Accessibility and YouTube Videos

Accessible Videos

Since the 1940’s videos have been increasingly used as an instructional tool. Just look at YouTube! I’ve looked up how-to videos on everything from writing HTML to changing the water filter on my refrigerator. But, videos are only as valuable as the content they contain. Well-done videos add to the options available to learners, while poorly done videos can be a distraction and have an overall negative impact on the curriculum.

Quality content is important, but it can’t end there. The content must be captioned and, ideally, have audio descriptions so that it can be used by all learners.

Captions provide value to many learners. They are necessary for people with significant hearing loss, but they also benefit:

  • Non-native English speakers,
  • Content novices who are new to the vocabulary,
  • Learners watching the video in a location that is noisy, and
  • Learners watching the video in a location they can’t/shouldn’t make noise, like the library or riding on a bus.

This article cites research that shows that captions can help improve literacy!

Not only is having captions important; you must have accurate captions. According to the Web Content Accessibility Guidelines (WCAG) 2.0, captions should be 99% accurate. That means including capital letters and punctuation marks, too. Auto-generated captions are not enough! 

This 2-minute video demonstrates the importance of captions.

There are some great videos on YouTube that don’t have accurate captions. So, what is an instructor to do if you want to use one of those? Well, if you don’t own the video you can’t fix the bad captions in YouTube. I’d encourage you to check out Amara.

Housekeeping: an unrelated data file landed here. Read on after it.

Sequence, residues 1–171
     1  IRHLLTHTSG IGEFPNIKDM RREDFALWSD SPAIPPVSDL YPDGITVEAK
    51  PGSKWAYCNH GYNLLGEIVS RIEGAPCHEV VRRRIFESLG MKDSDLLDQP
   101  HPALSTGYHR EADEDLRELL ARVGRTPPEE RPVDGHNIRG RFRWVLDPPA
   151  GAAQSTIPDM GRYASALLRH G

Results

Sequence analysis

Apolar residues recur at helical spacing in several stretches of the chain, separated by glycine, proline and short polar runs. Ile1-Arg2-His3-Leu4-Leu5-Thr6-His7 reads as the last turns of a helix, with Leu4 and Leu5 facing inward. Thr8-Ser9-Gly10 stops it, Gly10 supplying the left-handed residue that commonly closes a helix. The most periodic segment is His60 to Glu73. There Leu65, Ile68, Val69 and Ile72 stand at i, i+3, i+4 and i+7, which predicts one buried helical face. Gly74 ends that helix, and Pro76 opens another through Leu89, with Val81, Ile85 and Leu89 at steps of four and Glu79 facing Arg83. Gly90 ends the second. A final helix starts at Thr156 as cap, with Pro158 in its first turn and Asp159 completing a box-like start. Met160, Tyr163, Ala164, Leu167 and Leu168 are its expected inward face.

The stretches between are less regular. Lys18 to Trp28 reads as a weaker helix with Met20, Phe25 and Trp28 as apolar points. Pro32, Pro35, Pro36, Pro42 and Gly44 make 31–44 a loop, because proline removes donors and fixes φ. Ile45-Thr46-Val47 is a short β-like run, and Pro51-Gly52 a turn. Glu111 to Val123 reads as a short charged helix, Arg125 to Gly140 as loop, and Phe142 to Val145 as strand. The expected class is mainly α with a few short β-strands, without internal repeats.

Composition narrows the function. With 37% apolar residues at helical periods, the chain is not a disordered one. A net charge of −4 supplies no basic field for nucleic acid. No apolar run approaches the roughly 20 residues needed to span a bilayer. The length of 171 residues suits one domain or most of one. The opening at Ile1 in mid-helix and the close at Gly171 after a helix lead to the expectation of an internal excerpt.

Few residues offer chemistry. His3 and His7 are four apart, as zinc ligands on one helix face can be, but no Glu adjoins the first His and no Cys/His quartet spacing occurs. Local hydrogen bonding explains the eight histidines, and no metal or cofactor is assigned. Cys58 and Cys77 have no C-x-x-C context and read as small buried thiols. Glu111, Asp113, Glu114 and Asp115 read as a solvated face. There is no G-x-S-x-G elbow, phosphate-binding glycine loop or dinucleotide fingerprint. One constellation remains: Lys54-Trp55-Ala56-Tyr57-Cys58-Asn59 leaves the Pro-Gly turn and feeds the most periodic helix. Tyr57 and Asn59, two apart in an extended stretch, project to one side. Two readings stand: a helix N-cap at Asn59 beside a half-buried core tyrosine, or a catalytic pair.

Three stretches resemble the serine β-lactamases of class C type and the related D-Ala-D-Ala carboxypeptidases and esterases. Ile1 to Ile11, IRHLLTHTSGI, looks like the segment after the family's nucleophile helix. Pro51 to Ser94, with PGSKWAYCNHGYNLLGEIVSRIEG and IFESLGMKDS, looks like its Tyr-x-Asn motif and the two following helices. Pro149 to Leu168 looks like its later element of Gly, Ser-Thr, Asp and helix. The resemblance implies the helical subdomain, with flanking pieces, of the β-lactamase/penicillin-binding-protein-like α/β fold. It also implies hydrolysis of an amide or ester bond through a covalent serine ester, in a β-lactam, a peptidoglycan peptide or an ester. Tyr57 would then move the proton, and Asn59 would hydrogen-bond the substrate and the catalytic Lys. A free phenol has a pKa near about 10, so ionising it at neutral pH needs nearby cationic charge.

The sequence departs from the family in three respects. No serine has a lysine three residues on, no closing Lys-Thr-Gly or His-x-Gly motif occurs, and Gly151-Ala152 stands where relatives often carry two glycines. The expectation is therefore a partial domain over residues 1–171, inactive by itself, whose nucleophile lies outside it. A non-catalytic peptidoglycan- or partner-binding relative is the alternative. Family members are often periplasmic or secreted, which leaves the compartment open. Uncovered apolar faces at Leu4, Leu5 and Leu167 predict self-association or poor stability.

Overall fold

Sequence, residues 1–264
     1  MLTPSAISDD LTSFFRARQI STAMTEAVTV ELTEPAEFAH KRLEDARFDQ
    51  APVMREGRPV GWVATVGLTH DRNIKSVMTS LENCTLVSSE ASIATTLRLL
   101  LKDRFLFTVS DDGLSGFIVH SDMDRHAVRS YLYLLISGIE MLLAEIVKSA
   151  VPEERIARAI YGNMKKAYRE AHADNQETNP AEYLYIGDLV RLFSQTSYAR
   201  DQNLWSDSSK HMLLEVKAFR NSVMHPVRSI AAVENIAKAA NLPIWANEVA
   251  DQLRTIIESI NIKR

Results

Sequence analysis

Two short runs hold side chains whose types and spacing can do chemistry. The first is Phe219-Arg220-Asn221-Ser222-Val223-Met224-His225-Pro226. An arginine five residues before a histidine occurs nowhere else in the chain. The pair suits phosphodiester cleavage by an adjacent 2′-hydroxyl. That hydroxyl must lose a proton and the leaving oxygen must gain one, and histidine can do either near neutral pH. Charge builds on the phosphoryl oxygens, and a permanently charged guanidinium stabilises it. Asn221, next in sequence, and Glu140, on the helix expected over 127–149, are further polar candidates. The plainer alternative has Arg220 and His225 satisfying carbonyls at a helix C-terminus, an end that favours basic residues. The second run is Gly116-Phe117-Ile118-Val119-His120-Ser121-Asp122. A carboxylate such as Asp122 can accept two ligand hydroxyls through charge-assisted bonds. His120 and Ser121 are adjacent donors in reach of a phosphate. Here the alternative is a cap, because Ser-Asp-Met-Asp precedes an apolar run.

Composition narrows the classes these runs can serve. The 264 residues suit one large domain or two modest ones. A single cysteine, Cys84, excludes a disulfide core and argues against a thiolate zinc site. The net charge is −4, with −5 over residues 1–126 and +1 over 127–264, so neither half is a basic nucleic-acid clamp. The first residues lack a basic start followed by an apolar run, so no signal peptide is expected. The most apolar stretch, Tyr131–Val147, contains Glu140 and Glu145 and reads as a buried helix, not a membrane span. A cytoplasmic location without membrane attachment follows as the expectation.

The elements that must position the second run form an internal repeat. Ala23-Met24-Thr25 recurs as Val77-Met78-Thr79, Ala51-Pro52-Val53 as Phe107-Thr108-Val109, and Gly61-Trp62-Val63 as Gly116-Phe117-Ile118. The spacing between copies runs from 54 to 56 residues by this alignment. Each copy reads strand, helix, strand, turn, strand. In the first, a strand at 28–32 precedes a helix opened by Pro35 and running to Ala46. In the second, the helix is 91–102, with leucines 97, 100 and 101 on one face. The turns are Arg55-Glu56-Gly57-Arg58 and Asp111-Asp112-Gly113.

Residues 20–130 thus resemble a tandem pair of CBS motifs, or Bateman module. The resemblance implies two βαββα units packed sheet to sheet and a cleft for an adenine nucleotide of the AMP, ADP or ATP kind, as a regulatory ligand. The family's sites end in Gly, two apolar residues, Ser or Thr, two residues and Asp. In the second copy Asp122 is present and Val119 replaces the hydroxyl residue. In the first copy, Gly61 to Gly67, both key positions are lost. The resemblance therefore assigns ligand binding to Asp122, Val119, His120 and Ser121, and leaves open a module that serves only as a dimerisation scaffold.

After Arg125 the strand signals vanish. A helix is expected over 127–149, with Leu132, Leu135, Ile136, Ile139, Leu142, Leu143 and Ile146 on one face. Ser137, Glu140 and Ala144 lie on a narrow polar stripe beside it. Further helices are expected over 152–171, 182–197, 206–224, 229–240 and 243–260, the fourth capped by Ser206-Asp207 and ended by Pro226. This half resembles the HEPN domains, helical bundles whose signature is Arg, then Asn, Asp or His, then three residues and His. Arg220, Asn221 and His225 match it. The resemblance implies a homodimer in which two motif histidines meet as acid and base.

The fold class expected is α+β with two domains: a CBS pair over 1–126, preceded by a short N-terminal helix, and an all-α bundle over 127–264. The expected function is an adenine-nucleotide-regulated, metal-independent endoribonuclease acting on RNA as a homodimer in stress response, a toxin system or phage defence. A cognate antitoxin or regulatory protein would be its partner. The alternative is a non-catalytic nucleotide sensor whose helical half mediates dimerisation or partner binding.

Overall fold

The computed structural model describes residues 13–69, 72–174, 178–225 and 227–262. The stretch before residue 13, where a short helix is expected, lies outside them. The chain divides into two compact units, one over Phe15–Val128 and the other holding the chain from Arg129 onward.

Amara is a free tool that allows users to add an overlay of captions (or translations) to a YouTube or Vimeo video. Using Amara you can update your videos with bad captions or no captions into accessible instructional materials that you can use in your course.

One drawback of this system is you are at the mercy of the YouTube author. If you create captions for a video and then the author removes the video, Amara will show a “no-video found” error. Of course, this has always been a risk when using YouTube videos.

Learning to Use Amara

We have a few resources available to you to help you learn Amara:

  • If you want to give Amara a try on your own, read the Using Amara to Improve YouTube Captions knowledge base article.
  • If you want to learn about Amara in a workshop setting, join your fellow faculty members at Adding Captions to YouTube Videos Workshop on Friday, September 14th at 9:00 am in Thigpen 224. Register here for the Adding Captions Workshop. For adjuncts, this classroom-based workshop counts for 1 training credit.
  • If you’d like to learn about video accessibility in an online workshop setting, sign up for the Accessible YouTube Videos: Online Workshop. For adjuncts, this online workshop counts for 1 training credit. There are a few assignment deadlines in this course, so be sure to log in on the first day (Friday, September 14th) to see what will be required for completion.

If you have additional questions about video accessibility or Amara, please contact Distributed Education: eLearn@volstate.edu | (615) 230-3665.


Star BoeStar Boe, Instructional Design Specialist

Prior to joining the Distributed Education team in the fall of 2016, Star worked in Vol State’s Disability Services office as an adaptive technology specialist. She is completing a Master’s degree in Instructional Design and Technology at the University of Memphis.